Obstructive Sleep Apnea in Adults: Screening
Recommendations made by the USPSTF are independent of the U.S. government. They should not be construed as an official position of the Agency for Healthcare Research and Quality or the U.S. Department of Health and Human Services.
|Population||Asymptomatic adults, including those with unrecognized symptoms|
Grade: I (insufficient evidence)
|Risk Assessment||Risk factors associated with obstructive sleep apnea (OSA) include male sex, older age (40 to 70 y), postmenopausal status, higher body mass index, and craniofacial and upper airway abnormalities. Evidence on other risk factors, such as smoking, alcohol and sedative use, and nasal congestion, is sparse or mixed.|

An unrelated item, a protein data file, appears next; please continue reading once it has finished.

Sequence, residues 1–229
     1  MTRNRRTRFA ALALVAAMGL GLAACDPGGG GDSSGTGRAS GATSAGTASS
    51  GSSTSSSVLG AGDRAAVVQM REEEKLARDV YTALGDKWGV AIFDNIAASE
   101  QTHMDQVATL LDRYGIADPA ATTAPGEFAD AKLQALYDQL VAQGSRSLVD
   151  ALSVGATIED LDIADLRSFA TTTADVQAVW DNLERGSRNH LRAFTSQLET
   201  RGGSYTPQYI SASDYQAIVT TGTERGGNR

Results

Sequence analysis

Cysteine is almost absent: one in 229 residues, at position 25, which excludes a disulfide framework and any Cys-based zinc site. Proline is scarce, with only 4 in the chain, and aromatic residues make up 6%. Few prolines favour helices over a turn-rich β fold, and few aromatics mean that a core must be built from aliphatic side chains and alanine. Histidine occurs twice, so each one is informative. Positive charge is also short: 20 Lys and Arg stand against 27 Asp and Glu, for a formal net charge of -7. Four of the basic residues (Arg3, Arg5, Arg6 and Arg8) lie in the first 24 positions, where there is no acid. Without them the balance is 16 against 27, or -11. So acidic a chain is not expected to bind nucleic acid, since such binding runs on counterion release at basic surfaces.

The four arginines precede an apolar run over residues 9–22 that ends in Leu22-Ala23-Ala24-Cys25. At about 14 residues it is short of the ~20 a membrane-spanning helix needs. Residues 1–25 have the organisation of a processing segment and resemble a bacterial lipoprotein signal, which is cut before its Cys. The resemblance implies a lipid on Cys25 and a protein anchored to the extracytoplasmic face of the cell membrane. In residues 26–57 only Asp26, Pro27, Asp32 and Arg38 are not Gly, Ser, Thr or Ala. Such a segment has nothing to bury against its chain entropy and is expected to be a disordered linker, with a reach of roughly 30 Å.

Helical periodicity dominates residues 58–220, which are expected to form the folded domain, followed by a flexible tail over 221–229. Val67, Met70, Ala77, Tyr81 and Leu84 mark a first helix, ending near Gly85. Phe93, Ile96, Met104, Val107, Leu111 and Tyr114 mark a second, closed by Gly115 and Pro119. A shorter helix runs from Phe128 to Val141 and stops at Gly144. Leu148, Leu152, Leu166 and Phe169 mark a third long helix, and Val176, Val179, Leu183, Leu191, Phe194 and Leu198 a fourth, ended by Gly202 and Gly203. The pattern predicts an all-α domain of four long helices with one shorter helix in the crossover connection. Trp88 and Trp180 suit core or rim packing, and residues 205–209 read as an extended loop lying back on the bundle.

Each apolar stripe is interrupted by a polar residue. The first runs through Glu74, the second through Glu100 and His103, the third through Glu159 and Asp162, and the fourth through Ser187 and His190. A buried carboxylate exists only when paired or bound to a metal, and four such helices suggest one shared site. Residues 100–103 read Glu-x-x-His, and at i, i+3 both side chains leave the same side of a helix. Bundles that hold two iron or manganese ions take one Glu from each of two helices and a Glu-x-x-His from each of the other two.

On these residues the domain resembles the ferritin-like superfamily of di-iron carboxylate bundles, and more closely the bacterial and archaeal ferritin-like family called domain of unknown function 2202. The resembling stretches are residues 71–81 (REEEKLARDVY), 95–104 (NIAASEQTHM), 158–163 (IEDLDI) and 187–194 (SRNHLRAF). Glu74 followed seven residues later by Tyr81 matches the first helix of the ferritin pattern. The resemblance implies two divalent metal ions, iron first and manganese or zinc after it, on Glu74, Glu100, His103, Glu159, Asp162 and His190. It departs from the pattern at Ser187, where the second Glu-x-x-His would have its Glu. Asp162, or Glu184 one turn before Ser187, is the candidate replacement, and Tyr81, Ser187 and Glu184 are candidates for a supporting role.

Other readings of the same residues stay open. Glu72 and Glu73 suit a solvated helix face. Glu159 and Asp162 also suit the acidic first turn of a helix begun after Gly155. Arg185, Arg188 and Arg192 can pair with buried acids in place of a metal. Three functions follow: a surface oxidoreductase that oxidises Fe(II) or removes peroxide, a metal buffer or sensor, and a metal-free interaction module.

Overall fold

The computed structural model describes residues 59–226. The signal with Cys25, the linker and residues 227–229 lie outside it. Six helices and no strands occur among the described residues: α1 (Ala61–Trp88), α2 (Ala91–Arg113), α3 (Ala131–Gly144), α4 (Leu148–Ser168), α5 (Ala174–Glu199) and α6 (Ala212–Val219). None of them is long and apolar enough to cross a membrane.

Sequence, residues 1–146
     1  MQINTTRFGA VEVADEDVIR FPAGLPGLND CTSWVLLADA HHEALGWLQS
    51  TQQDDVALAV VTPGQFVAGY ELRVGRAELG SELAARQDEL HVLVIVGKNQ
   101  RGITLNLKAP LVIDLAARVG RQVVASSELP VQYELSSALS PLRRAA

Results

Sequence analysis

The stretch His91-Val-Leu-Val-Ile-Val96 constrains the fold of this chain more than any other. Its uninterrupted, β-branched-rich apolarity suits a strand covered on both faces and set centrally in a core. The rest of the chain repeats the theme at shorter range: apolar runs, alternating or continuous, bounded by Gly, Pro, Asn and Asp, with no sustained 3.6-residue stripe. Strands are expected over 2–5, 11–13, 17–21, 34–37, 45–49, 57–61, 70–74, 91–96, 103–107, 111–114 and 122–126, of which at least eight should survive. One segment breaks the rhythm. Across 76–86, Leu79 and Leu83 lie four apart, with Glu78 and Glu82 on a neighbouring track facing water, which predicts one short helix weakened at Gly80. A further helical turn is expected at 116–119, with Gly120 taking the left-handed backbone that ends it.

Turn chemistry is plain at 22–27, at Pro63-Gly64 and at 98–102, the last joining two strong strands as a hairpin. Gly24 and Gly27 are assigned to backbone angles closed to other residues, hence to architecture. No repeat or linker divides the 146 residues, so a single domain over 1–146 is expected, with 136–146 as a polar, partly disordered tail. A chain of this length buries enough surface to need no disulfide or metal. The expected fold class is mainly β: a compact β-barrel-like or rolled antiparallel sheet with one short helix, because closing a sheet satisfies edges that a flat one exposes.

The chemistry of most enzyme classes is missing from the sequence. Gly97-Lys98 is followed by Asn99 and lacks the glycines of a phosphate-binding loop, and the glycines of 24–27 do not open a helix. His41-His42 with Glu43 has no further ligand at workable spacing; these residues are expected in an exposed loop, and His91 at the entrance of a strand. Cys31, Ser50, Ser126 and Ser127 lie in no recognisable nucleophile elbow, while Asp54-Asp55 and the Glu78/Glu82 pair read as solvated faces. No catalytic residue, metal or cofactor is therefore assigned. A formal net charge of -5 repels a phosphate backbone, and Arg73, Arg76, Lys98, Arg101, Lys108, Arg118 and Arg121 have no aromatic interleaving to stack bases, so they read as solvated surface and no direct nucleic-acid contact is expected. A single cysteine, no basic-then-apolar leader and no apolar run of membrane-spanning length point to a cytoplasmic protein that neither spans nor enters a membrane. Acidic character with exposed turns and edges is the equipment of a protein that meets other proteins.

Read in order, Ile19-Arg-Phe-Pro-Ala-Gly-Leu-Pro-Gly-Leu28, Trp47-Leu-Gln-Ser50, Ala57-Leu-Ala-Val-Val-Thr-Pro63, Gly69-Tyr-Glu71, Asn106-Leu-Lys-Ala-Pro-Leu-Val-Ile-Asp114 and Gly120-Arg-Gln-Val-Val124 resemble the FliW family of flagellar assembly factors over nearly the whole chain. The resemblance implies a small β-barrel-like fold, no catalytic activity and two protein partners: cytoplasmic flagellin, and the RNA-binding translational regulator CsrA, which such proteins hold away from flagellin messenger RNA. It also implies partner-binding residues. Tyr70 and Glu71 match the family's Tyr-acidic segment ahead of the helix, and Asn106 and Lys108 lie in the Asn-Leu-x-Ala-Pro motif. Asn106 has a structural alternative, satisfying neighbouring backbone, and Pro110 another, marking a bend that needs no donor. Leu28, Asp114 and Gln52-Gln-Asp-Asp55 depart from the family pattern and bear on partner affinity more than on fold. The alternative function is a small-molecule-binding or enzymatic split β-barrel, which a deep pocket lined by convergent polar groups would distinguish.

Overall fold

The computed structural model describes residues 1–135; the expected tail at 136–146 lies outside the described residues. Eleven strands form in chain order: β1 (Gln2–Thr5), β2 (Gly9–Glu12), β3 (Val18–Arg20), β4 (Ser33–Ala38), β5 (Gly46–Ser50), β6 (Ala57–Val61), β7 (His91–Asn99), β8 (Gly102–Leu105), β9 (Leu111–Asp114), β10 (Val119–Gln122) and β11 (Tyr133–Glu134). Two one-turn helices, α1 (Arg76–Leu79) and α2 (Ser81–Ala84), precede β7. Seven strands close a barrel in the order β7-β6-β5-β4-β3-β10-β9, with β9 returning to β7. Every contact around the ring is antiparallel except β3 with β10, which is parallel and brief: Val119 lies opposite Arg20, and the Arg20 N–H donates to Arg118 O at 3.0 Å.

|Screening Tests||Evidence on the use of validated screening questionnaires in asymptomatic adults (or adults with unrecognized symptoms) to accurately identify who will benefit from further testing for OSA is inadequate.|
|Treatment and Interventions||Treatment with continuous positive airway pressure or mandibular advancement devices can improve intermediate outcomes (apnea-hypopnea index, Epworth Sleepiness Scale score, and blood pressure) in populations referred for treatment. However, the applicability of this evidence to screen-detected populations is limited.|
|Balance of Benefits and Harms||The USPSTF concludes that the current evidence is insufficient to assess the balance of benefits and harms of screening for OSA in asymptomatic adults.|
For a summary of the evidence systematically reviewed in making this recommendation, the full recommendation statement, and supporting documents, please go to https://www.uspreventiveservicestaskforce.org.
Internet Citation: Clinical Summary: Obstructive Sleep Apnea in Adults: Screening. U.S. Preventive Services Task Force. January 2017.